Vientiane, March 24, 2017THPC’s Operations and Maintenance team worked alongside international engineers during the turbine upgrade, impressing the contractors with the quality of their work.
The Theun-Hinboun Power Company (THPC) now has an overall generating capacity of 520 megawatts (MW) following the recent completion of a major overhaul. Efficiency tests conducted on a second new turbine installed at the company’s Theun-Hinboun Powerhouse in Khammouane province confirmed that the overhaul has added at least 20 MW of production capacity, while the plant uses the same volume of water as before the upgrade.

Replacement of the turbine and maintenance of the generator for the TH1 Unit was undertaken between December 2016 and February this year by staff from THPC’s Operations and Maintenance Division (OMD), alongside engineers from Rainpower and GE in Norway.

The work was completed one week ahead of schedule, allowing the upgraded unit to go into production in late February, alongside the TH2 unit, which received a similar upgrade last year. The two units, now rated at 120 MW each at full load, first began operating in March 1998. With the 220-MW TH3 unit and the two 30-MW units at the project’s upstream Nam Gnouang Powerhouse, installed as part of the Theun-Hinboun Expansion Project in 2012, THPC now has a maximum operating capacity of 520 MW.

THPC’s Deputy General Manager, Soulideth Baomanikhoth, congratulated the company’s OMD team and the contractors for finishing the work ahead of tight deadlines and with a perfect safety record. “This investment increases both the long-term efficiency and safety of our plant,” said Mr Soulideth. “We can now increase our contribution to the Lao economy by exporting more power while using no more water”.

THPC has so far contributed over US$465 million to the government since starting operations. With 60% of its shares owned by EDL-Gen, THPC is the only independent power producer in the country under Lao majority control, and 99% of the company’s workforce are Lao nationals.

 The 200-tonne rotor is lifted from the TH1 turbine pit as part of the major overhaul’s second phase. 

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Two new schools and two new health centres built by the Theun-Hinboun Power Company (THPC) are serving communities in Khounkham District, Khammouane.

The health centres, secondary schools and primary schools were constructed over the past year in the new villages of Phaxang and Phakhouak. While they have been open to the public since early 2016, the facilities were officially handed over to local authorities at a ceremony in Ban Phaxang on June 28.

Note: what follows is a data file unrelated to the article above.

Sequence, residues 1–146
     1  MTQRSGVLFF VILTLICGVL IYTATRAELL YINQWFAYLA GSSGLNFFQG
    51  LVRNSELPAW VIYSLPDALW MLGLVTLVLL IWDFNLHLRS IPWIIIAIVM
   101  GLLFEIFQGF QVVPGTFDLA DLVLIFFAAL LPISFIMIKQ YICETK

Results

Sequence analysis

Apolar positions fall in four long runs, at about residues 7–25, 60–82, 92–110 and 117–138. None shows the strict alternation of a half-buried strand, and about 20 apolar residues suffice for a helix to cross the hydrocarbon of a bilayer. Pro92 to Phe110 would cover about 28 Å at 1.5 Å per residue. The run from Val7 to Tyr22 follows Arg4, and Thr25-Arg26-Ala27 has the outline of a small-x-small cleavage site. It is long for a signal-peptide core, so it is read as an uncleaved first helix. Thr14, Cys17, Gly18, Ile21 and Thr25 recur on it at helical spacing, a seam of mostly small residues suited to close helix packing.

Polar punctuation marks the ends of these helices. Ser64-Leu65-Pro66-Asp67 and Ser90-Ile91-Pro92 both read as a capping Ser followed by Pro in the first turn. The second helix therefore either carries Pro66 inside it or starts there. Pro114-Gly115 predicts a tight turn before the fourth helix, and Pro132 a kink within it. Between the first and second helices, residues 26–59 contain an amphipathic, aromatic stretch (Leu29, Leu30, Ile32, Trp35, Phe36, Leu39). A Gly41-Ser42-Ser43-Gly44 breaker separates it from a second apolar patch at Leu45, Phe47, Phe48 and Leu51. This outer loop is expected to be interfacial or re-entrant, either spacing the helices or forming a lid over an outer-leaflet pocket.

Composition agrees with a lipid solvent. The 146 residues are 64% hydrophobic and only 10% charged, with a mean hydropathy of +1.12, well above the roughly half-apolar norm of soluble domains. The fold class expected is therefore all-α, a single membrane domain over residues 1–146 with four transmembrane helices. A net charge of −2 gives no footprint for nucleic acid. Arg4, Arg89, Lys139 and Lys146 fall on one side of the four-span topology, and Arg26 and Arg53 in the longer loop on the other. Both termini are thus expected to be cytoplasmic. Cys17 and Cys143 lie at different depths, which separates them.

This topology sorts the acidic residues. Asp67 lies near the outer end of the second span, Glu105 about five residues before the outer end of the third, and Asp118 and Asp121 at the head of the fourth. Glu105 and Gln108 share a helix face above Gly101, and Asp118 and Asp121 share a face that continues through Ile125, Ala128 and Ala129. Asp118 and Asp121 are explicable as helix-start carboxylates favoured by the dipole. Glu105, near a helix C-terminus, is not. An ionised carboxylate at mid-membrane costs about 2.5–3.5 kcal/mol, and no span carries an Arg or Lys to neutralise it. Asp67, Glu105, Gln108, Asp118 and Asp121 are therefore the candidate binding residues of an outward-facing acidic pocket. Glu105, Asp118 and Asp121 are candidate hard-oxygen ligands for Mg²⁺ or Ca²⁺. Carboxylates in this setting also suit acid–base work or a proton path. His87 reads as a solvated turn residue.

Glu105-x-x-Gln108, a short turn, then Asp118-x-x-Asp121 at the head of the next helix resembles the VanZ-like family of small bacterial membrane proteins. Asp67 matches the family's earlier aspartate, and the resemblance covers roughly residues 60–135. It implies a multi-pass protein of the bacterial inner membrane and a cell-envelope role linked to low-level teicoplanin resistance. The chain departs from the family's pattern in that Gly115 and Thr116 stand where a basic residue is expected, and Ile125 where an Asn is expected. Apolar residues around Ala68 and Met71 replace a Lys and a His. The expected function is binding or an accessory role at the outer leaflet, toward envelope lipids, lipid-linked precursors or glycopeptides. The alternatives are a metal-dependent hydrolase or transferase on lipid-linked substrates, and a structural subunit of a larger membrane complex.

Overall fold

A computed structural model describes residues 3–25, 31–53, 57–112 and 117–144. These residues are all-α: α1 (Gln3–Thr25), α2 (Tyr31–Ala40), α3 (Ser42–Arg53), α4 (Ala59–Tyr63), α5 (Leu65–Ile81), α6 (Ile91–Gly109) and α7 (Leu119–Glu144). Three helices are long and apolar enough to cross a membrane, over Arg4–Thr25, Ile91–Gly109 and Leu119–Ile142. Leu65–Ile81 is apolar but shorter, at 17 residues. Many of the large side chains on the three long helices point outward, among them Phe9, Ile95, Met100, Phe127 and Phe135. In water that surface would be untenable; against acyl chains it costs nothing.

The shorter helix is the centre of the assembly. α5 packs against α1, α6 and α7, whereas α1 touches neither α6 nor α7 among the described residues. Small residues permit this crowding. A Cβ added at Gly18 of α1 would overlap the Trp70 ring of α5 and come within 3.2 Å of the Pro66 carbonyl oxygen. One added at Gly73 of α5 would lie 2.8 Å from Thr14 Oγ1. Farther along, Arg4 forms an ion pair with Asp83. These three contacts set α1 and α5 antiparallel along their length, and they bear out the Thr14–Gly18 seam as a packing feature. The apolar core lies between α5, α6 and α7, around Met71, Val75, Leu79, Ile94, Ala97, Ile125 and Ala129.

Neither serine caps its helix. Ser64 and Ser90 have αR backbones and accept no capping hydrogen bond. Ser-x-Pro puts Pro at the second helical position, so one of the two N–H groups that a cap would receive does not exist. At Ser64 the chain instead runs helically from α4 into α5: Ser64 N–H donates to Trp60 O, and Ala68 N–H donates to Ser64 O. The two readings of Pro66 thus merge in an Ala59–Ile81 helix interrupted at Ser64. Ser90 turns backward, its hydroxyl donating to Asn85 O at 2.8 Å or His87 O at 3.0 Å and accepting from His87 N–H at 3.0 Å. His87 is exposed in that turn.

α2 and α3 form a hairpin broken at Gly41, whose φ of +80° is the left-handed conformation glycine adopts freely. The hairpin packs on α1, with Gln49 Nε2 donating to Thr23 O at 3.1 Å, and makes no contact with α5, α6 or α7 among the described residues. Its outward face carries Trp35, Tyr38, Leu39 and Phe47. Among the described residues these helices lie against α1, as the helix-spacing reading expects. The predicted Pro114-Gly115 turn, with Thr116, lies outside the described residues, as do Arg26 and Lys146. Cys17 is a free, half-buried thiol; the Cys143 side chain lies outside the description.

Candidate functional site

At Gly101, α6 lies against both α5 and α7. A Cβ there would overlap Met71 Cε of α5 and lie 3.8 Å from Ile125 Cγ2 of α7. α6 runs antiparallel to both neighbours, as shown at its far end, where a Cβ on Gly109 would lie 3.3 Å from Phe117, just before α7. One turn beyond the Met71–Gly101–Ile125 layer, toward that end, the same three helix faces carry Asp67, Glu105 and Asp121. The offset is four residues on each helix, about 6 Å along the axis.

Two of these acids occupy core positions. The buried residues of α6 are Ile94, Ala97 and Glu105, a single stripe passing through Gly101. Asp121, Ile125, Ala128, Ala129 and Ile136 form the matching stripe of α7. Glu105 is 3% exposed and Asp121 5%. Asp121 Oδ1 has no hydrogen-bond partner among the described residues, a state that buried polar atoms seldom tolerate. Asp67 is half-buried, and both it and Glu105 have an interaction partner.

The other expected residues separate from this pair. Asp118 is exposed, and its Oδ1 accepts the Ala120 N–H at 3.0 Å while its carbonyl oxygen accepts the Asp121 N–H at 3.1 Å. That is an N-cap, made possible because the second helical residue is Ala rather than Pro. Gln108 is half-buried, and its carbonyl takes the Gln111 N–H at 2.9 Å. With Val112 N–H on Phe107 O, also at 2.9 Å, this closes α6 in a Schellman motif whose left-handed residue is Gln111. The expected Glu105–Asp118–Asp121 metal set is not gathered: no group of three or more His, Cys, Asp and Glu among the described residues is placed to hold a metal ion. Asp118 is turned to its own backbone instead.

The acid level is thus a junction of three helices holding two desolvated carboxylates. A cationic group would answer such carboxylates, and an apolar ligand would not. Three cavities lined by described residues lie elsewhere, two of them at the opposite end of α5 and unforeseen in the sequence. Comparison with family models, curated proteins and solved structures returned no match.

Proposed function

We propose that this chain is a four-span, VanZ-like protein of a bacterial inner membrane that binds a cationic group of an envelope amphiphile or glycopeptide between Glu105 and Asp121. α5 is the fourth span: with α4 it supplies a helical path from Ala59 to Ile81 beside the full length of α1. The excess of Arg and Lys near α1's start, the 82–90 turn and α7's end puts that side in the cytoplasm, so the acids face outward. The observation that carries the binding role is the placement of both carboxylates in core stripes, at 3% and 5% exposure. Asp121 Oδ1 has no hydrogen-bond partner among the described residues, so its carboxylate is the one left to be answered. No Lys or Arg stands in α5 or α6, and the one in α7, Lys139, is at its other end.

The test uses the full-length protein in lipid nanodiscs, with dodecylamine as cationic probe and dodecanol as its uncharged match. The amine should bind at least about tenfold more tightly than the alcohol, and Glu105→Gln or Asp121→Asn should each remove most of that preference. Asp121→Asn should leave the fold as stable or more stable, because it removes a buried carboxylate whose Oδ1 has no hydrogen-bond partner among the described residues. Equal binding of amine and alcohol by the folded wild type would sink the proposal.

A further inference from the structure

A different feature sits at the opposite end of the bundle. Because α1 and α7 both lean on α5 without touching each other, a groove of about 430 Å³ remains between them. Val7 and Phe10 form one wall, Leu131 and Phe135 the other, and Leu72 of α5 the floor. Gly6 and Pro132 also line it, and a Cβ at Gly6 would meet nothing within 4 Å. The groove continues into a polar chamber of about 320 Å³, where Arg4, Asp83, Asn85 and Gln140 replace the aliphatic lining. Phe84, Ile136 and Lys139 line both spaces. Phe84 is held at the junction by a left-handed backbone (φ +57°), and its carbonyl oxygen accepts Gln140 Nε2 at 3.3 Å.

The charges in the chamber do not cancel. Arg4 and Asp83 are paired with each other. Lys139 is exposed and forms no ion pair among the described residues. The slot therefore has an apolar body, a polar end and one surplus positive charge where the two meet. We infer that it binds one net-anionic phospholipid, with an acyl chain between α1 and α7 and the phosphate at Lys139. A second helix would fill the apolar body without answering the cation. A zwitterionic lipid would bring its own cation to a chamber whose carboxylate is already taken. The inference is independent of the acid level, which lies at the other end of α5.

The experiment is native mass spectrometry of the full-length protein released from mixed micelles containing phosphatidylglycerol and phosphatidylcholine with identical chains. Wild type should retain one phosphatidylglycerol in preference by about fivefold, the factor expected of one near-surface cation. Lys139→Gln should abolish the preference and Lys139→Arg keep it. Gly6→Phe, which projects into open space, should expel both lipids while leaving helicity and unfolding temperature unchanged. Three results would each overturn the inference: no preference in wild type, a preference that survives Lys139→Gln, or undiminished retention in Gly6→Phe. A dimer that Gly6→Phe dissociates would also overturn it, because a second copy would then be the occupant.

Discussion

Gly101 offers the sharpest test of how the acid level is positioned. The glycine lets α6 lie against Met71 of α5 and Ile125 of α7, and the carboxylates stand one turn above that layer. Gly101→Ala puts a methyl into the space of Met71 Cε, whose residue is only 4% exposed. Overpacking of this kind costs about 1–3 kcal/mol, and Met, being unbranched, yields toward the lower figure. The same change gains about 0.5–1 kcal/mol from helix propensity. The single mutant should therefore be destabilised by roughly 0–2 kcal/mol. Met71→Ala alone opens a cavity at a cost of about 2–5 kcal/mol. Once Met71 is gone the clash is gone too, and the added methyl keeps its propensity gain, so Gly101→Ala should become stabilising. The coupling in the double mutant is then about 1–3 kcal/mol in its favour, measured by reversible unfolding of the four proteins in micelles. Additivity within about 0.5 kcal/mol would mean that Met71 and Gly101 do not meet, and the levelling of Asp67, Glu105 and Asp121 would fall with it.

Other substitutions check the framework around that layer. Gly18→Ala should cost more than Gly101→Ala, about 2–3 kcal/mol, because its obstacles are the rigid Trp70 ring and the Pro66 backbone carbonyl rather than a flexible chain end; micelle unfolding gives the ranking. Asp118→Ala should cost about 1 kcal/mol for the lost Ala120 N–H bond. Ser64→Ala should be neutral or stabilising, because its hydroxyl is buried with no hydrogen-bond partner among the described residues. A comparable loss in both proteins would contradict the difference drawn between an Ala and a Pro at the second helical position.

Phaxang and Phakhouak are being built to provide new flood-safe villages for over 750 households along the Hinboun River. THPC has built eight new villages along the Hinboun and Hai rivers as part of the Theun-Hinboun Expansion Project, which was inaugurated in early 2013.

The health centres at Phaxang and Phakhouak cover the populations of six villages and also provide services to other communities in the area. The clinics follow the government Type B standard and come with furniture, medical and office equipment, toilets and medicine supplies. THPC has also organised training sessions for health centre staff on public health management and new techniques.

The new primary and secondary schools also have toilets, while THPC has provided libraries and books, classroom furniture and teaching equipment to foster educational development in the communities. At the handover ceremony, Mrs Surapha Viravong, deputy director of the company’s social and environmental division, said that THPC has invested around US$467,000 in the new schools and health centres. She said that while THPC would continue to support the villagers as they build their livelihoods, the villagers and local authorities would need to take responsibility for managing and maintaining the new public facilities.

Accepting the new facilities on behalf of Khounkham District, district governor Mr Keolandon Chanthaphany said that THPC had done a great deal to boost development across Khounkham, providing various communities with improved housing roads, infrastructure and public services.

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Left and centre: Students arrive at the new Phaxang secondary school to take their end-of-year exams in May 2016. Miss Chanpha, left, washing her hands in the rain, said that the new school has a major advantage over their old village school: the roof does not leak when it rains, making exams much easier to sit.

Right: Action for Lao Children and the National Library have helped THPC establish libraries in all schools at project relocation and resettlement villages.

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Khounkham District, September 23, 2016    

The Theun-Hinboun Power Company (THPC) has handed over a landfill site for disposal of public waste to authorities in Khounkham District, Khammouane Province, as part of its commitment to community development and environmental protection.